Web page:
Multiple Casualties Reported in London Bridge Attack
Soon after reports of a vehicle running down pedestrians in the area occurred, stabbings were also reported at the nearby Borough Market.
Terrorism struck at the heart of London, police said Sunday, after a vehicle veered off the road and mowed down pedestrians on London Bridge and witnesses told of men with large knives stabbing passersby at nearby Borough Market.
Police said six people died and 20 were injured in the attacks, while police shot dead three suspects. Mark Rowley, the Metropolitan Police head of counter-terrorism, said police believe all of the attackers were killed, but investigations are underway to ensure there are no more.
The violence turned a summery Saturday night in an area packed with bars and restaurants into a scene of panic and chaos, with officers running through crowded streets screaming for people to flee and lifeboats drafted to help clear the area. The Metropolitan Police force declared the attacks "terrorist incidents."
Hours after the attacks began, a large area of central London remained cordoned off and police told people to avoid the area, leaving tourists and revelers struggling to get home. It was unclear whether any of the attackers was on the run.
Bursts of gunfire echoed through the streets — likely from armed police — and at least three blasts rang out as police performed controlled explosions. One image taken by a witness showed a man on the ground surrounded by police; he appeared to be wearing a vest with canisters attached to it.
Gerard Vowls told The Guardian newspaper that he saw a woman being stabbed by three men at the south end of London Bridge. He said he threw chairs, glasses and bottles at the attackers in a bid to stop them.
"They kept coming to try to stab me. They were stabbing everyone. Evil, evil people," he told the newspaper. "I want to know if this girl is still alive. I've been walking around for an hour and a half crying my eyes out. I don't know what to do."
Bartender Alex Martinez said he hid in a garbage bin for a half hour when a man stormed the restaurant where he worked, which was nearly full. "I saw that man with a knife in his hand and after that a man started screaming so I knew something wrong was happening," he said.
Medics treated the injured near the market as shocked people cried and shouted around them. Police officers yelled at people to run from the area.
Simon Thompson told Sky News that he was just outside Borough Market when he saw crowds fleeing.
"We ran for like 100 meters and then saw loads of police cars turned up and there was kind of a period of quite intense gunfire," he said. "I hid in a restaurant basement for about an hour. ... Police told us to get out and then there was more gunfire."
The mayhem began just after 10 p.m. local time, when police responded to reports of a vehicle hitting pedestrians on London Bridge, which crosses the River Thames in central London. Multiple witnesses reported a vehicle veering off the road and hitting as many as six pedestrians.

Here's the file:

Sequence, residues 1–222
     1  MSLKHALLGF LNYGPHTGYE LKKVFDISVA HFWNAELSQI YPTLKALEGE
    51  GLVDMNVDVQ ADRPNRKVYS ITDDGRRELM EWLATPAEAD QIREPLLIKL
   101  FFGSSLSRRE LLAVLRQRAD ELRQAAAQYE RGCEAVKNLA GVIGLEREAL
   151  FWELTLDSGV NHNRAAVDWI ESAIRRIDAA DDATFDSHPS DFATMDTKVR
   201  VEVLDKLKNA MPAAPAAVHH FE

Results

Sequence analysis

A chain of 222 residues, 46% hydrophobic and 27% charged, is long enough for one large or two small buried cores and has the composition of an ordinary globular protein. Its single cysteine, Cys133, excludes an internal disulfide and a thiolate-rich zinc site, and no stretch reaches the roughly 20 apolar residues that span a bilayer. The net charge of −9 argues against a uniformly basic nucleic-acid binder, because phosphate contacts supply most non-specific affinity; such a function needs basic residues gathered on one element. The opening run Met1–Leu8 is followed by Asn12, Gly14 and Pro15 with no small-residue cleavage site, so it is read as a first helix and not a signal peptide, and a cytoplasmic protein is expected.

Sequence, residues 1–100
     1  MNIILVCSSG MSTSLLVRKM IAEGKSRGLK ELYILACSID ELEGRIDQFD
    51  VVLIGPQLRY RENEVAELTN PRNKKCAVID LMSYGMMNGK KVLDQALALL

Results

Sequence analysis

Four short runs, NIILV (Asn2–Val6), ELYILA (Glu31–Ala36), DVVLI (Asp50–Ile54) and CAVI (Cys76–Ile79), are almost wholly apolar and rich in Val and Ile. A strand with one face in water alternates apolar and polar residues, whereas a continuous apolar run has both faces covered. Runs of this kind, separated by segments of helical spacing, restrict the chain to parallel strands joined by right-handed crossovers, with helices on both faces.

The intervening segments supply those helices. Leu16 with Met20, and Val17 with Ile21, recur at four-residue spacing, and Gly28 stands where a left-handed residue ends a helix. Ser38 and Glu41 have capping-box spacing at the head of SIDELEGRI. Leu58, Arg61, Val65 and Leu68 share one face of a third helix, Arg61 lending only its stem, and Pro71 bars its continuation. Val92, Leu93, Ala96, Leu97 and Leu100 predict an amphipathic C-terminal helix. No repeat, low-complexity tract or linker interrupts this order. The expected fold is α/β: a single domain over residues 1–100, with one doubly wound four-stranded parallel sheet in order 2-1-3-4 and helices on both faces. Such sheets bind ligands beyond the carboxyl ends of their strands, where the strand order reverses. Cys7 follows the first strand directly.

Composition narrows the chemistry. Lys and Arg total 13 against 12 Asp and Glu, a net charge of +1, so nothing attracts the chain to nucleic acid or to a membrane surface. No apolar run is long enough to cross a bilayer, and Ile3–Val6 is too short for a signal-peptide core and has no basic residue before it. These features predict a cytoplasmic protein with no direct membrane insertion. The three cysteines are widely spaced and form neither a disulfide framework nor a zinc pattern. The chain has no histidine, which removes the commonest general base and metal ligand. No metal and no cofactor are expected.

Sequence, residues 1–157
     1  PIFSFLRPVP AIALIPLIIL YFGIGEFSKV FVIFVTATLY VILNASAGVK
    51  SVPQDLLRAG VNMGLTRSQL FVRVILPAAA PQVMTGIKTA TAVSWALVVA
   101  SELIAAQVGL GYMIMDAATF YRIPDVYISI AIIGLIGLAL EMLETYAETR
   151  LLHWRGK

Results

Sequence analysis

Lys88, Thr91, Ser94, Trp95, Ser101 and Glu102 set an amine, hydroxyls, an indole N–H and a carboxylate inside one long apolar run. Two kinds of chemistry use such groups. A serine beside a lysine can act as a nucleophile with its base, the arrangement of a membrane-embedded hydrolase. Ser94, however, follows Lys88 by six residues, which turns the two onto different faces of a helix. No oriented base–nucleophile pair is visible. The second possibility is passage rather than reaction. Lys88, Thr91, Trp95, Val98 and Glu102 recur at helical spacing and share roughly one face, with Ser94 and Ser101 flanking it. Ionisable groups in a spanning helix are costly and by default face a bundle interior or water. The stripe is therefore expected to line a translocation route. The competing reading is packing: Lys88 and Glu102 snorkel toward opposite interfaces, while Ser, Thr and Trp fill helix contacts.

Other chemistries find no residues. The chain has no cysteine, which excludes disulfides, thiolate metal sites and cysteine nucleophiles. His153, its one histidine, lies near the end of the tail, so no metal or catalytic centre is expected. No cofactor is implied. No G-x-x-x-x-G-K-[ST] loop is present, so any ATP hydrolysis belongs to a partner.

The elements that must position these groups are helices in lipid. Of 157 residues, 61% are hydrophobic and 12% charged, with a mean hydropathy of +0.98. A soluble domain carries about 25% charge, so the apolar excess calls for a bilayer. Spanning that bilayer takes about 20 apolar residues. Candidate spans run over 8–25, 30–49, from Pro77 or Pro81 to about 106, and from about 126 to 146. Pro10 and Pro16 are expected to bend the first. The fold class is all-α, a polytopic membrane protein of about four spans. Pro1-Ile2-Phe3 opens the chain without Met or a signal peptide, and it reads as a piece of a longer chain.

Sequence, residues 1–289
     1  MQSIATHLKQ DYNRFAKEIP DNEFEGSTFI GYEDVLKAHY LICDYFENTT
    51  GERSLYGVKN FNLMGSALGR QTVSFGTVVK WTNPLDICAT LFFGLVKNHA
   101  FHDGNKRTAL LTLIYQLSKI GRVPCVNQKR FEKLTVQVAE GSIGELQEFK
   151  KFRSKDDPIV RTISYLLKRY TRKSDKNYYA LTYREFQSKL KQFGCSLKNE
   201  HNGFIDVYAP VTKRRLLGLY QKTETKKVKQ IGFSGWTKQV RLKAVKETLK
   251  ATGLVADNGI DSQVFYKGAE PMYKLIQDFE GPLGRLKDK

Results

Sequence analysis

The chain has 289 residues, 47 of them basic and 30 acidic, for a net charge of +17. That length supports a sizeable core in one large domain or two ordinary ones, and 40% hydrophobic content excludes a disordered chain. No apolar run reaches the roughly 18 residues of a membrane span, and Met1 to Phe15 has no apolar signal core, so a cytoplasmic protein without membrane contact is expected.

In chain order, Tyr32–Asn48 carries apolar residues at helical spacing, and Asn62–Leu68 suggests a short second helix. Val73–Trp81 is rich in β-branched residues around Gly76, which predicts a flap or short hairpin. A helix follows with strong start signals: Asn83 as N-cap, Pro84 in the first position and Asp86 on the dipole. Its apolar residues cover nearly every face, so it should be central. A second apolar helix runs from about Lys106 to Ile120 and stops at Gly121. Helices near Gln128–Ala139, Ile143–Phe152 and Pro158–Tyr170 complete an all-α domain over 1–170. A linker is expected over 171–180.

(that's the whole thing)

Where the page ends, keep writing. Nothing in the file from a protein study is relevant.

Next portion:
"We saw injured people on the road, injured people on the pavement," witness Will Heaven told Sky News.
Soon after, reports started coming in of stabbings at Borough Market, a nearby area full of bars and restaurants surrounding a popular food market. Witnesses reported seeing as many as three attackers with knives.
Police initially said officers were also responding to a third incident, in the Vauxhall neighborhood, but later said that turned out to be an unrelated stabbing.
Police tweeted a warning telling people in the area to run to safety, hide and then call police if it is safe to do so. They asked Londoners to "remain calm but be alert and vigilant."
Prime Minister Theresa May confirmed the attack "is being treated as a potential act of terrorism" and said her thoughts were with "those who are caught up in these dreadful events." May's office said she would chair a meeting of the government's COBRA emergency committee on Sunday.
As thousands of people fled from the area of the attacks — many unable to get home with nearby subway stations shut down — locals were quick to offer assistance.
The Royal Oak pub, near the area of the attacks, opened its doors to people evacuated from hotels. At least one taxi company offered free rides to people stranded in the area. Phaldip Singh, who describes himself as an entrepreneur and youth activist, tweeted that Sikh temples were open to provide food and shelter for those affected.
If confirmed as terrorism, this would be the third attack to hit Britain in as many months.
In March, a British convert to Islam ran down people with a vehicle on Westminster Bridge, killing four, then stabbed a policeman to death outside Parliament.
On May 22, a British suicide bomber killed 22 people and injured dozens at an Ariana Grande concert in Manchester. After that attack, Britain's official threat level from terrorism was raised to "critical," meaning an attack may be imminent. Several days later it was lowered to "severe," meaning an attack is highly likely.
A charity concert for victims of the Manchester attack, featuring Grande and other stars, is due to be held Sunday in the northwest English city.